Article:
In the previous folder, we saw that we could print content to the console using specialLog. Underneath, we're using log, the function with the type, String -> Effect Unit. Since "bind outputs the same box-like type it receives," how was this possible?

In this file, we'll show one way to workaround this limitation. This solution will be used frequently in real code wherever the Effect monad is used. However, this solution doesn't necessarily work for other monads. Still, it is conceptually easy to understand and creates scaffolding. That scaffolding will make it easier to understand other workarounds to this restriction that we'll discuss in the Application Structure folder.

Reviewing a Previous Workaround: Lifting one Monad into another

When overviewing the ""bind outputs the same box-like type it receives" restriction, we described the previous workaround:

import Prelude -- for the (+) and (~>) function aliases

data Box1 a = Box1 a
data Box2 a = Box2 a

class LiftSourceIntoTargetMonad sourceMonad targetMonad where                 {-
  liftSourceMonad :: forall a. sourceMonad a -> targetMonad a                 -}
  liftSourceMonad ::           sourceMonad   ~> targetMonad

instance LiftSourceIntoTargetMonad Box2 Box1 where
  liftSourceMonad :: Box2 ~> Box1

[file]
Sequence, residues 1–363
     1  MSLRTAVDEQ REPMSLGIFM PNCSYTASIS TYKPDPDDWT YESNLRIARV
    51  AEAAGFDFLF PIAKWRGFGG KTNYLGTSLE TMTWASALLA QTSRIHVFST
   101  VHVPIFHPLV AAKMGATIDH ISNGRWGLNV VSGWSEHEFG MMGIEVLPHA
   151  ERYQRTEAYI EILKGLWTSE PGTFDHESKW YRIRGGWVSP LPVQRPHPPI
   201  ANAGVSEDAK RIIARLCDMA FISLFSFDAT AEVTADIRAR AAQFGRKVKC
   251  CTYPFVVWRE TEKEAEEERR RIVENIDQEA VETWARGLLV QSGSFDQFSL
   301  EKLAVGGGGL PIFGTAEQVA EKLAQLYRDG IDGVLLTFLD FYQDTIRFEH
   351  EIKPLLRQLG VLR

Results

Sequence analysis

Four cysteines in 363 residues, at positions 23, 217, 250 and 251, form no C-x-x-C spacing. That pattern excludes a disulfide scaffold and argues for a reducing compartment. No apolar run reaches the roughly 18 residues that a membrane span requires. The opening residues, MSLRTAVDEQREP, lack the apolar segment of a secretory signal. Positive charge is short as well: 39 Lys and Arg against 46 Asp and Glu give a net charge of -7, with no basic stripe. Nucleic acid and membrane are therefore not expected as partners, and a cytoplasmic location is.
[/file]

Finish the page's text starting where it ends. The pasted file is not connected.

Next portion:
liftSourceMonad (Box2 a) = Box1 a

bindAttempt :: Box1 Int
bindAttempt = do
  four <- Box1 4
  six <- liftSourceMonad $ Box2 6
  pure $ four + six

-- type class instances for Monad hierarchy

instance Functor Box1 where
  map :: forall a b. (a -> b) -> Box1 a -> Box1  b
  map f (Box1 a) = Box1 (f a)

instance Apply Box1 where
  apply :: forall a b. Box1 (a -> b) -> Box1 a -> Box1  b
  apply (Box1 f) (Box1 a) = Box1 (f a)

instance Bind Box1 where
  bind :: forall a b. Box1 a -> (a -> Box1 b) -> Box1 b
  bind (Box1 a) f = f a

instance Applicative Box1 where
  pure :: forall a. a -> Box1 a
  pure a =  Box1 a

instance Monad Box1

-- Needed to print the result to the console in the REPL session

instance (Show a) => Show (Box1 a) where
  show (Box1 a) = show a


When we have an Effect-based computation that we want to run in some other monadic context, we can use liftEffect from MonadEffect if the target monad has an instance for MonadEffect:

class (Monad m) <= MonadEffect m where
  liftEffect :: Effect ~> m

Aff has an instance for MonadEffect, so we can lift Effect-based computations into an Aff monadic context. Below was how we defined specialLog. You can see it in the next file:

specialLog :: String -> Aff Unit
specialLog message = liftEffect $ log message

Referring back to our previous "local state" example, the ST monad does not have an instance for MonadEffect. This decision is intentional: state manipulation of that kind should be pure and not have any side-effects. That's why it exists inside of its own monadic context: to ensure that those who attempt to do so get compiler errors. This is a safety precaution, not a "we wanted to be jerks who frustrate you" decision.

As we saw previously in the Switching-Context.purs file, running multiple Aff computations in an Effect monadic context doesn't always lead to a predictable output. However, running multiple Effect-based computations in an Aff monadic context is much more predictable.